Brazil’s legal system is one of the largest in the world, with one lawyer for every 190 inhabitants. Its 91 courts process more than 111 million cases each year, or one case for every two Brazilians. This gigantic litigiousness places high demand on the system, causing chaotic procedural delay that can make access to justice unachievable. There is a backlog of nearly 80 million lawsuits awaiting a final decision and the country spends more of its GDP than any other nation on its Judiciary Branch (almost two percent).
Attempts by Brazil’s government to combat the crisis in the justice system include implementing electronic processes and encouraging consensual methods of conflict resolution. The 2015 Code of Civil Procedure was intended to increase procedural speed and efficiency through solutions such as mediation, conciliation and arbitration, but did not produce the hoped-for results. Likewise, the digital platforms for processing cases have had technical and infrastructural limitations since they were first implemented in 2005, due to the instability of the servers.
Using technology to solve problems in Brazil’s justice system has become a major agenda for stakeholders, both public and private. This has taken on an increased urgency in light of the Covid-19 pandemic, which has necessitated court hearings and other processes to become digital and highlighted the technical problems in the current system.
The country has seen an explosion in legaltech companies and a push toward digitalisation in its courts, 72 of which now use AI systems for tasks such as indication of sentences and jurisprudence, but also for automation of sentences and decisions. The Brazilian Supreme Court uses a robot named Victor to conduct sentence models and case studies; the robot alone enables partial automation of the system and forms a model for expansion with the judiciary.
The current major limitation to expanding use of AI in Brazil’s judicial system is the country’s limited infrastructure, as well as the vulnerability of these tools to being attacked. Hackers invaded the entire computer network of the São Paulo state judiciary last November, the largest in the country, as well as the Superior Court of Justice, requiring the creation of a cyber committee to monitor electronic systems in the courts.
These events show the potential danger of using more autonomous tech in the judiciary, especially tech that, in a bid for greater productivity, produces decisions without human supervision.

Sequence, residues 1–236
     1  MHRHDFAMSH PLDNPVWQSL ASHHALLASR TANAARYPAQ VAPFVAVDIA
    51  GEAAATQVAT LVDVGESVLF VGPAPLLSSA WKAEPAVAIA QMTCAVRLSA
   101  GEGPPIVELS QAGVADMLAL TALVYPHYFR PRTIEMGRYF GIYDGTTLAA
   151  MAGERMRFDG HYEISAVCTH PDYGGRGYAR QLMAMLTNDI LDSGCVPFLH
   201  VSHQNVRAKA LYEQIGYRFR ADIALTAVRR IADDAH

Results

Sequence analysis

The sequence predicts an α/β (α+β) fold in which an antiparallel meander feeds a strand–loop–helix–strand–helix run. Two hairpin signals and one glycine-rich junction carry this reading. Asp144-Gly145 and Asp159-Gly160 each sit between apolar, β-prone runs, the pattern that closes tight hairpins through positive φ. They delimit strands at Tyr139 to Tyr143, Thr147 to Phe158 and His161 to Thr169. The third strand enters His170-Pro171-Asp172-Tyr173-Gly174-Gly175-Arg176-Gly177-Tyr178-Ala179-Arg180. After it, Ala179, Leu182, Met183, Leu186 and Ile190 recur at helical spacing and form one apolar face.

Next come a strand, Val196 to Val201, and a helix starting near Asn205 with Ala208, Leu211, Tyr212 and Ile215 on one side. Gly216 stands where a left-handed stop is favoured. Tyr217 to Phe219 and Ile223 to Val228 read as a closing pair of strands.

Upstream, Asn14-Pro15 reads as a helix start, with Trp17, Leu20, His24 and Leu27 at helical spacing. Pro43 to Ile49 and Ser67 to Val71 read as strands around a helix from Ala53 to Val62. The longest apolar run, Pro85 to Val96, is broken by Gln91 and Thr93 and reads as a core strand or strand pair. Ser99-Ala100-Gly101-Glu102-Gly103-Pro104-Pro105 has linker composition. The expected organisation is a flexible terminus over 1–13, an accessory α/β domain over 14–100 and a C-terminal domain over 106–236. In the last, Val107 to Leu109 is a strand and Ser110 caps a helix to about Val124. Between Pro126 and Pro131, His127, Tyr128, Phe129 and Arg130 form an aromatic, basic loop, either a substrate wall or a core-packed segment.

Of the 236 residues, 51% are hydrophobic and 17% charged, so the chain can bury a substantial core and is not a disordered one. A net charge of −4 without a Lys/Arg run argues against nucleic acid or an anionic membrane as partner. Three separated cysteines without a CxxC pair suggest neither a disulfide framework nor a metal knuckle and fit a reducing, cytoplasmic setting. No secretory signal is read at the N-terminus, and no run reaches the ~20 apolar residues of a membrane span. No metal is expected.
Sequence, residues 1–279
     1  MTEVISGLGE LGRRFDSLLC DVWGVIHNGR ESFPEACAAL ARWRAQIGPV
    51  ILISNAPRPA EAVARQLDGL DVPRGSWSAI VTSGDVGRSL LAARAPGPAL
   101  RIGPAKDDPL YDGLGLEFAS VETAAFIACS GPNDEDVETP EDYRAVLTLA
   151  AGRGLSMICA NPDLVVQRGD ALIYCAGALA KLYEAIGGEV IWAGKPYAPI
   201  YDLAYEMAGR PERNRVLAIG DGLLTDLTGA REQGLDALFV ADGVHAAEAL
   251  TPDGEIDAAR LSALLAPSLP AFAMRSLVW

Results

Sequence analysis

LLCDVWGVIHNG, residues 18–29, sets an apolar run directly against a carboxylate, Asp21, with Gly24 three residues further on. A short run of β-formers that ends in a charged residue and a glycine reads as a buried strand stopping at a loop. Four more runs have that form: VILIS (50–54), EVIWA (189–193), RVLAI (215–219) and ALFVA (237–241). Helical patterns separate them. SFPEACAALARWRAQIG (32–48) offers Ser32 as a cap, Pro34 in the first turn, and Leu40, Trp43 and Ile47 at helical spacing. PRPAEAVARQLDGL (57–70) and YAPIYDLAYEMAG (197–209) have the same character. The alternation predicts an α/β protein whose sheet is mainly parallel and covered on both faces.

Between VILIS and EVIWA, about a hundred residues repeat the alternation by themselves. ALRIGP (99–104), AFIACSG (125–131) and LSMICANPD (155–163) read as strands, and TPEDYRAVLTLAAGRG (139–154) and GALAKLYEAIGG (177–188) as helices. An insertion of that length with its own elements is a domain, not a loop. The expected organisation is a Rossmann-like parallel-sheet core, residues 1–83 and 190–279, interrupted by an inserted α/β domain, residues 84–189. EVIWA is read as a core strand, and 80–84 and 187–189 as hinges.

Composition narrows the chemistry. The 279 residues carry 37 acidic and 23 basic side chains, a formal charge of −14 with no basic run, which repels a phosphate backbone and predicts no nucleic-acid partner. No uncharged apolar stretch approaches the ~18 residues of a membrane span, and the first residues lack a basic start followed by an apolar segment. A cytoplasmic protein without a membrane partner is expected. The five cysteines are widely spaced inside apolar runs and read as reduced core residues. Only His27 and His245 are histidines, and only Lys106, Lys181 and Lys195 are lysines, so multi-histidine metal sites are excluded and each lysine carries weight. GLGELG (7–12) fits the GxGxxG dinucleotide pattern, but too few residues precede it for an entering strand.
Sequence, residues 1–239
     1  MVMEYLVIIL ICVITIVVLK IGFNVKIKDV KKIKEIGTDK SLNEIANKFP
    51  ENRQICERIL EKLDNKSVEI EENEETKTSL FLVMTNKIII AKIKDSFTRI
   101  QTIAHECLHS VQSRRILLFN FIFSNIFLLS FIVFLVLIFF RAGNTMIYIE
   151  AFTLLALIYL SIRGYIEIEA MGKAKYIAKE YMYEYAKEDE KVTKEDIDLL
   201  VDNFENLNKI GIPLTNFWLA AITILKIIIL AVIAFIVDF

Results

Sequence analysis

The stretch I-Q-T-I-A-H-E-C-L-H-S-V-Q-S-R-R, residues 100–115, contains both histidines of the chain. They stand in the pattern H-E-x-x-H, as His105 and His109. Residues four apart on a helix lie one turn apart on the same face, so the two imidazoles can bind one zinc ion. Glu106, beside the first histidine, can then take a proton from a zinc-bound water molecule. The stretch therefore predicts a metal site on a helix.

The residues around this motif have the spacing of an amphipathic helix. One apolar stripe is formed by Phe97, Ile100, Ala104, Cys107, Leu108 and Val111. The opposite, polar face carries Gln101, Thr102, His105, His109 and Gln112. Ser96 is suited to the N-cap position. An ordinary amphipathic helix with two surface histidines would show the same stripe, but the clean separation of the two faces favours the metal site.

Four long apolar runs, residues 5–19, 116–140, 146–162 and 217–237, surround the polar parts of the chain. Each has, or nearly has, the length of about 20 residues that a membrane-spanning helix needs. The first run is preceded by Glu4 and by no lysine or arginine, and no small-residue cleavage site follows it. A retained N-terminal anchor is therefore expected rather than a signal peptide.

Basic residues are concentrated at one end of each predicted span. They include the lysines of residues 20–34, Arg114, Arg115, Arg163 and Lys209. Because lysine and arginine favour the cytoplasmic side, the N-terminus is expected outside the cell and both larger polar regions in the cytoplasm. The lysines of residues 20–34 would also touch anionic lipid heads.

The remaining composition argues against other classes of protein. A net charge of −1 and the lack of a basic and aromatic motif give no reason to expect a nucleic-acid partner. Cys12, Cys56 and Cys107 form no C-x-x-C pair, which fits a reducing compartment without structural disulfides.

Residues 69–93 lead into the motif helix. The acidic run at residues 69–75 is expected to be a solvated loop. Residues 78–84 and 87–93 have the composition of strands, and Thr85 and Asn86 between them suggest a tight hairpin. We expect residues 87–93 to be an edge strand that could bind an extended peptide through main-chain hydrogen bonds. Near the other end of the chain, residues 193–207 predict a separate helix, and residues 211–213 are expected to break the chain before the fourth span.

Although Brazil is not yet able to digitalise its judicial system in the same way as countries such as China with its Smart Courts, it is implementing a standardised platform for all legal procedures. The platform is used for storing data, which in turn trains AI systems for the judicial system and contributes to Brazilian Big Data.
The platform has been in use in a number of courts across Brazil since last November, including Rio de Janeiro, São Paulo and Espirito Santo, and following validation of the results provided by AI should be adopted by other regions.
However, the platform is not without its issues, especially for those looking for a short-term solution. Storing a large volume of data creates difficulties in providing clean data for collection, which hinders the application of the algorithm created for analysis of AI as a basis for autonomous results and weightings. Data collection is also difficult for a number of reasons: (i) different judgments and parameters to legal interpretations; (ii) different electronic systems in the states of the jurisdiction; (iii) the instability of the servers and the technological scarcity in the courts; (iv) the difficulty of digitalising the whole system and the maintenance of physical processes.
These difficulties are especially pronounced in Brazil, where high legal insecurity means it’s common for the same situation to lead to disparate decisions in other courts in the same jurisdiction. Electronic processes are inconsistent, as previous uneven digitisation has resulted in more than 40 platforms being used by different courts. Perhaps unsurprisingly, people working within Brazil’s judicial system struggle with its multitude of different softwares.
Brazil sees in technology the solution to a judiciary in crisis. However, projections for automation are limited by the technology itself, which due to the chaotic system in which it operates produces comparatively less accurate results. At present it cannot be relied upon as more than an aid tool. An added concern is that lack of regulation assumes human supervision and review. Brazil must resolve these issues if the push for speed and efficiency is not to come at the cost of justice.
Salus Ferro is a qualified lawyer currently studying for a master's degree in law and legal science at the University of Lisbon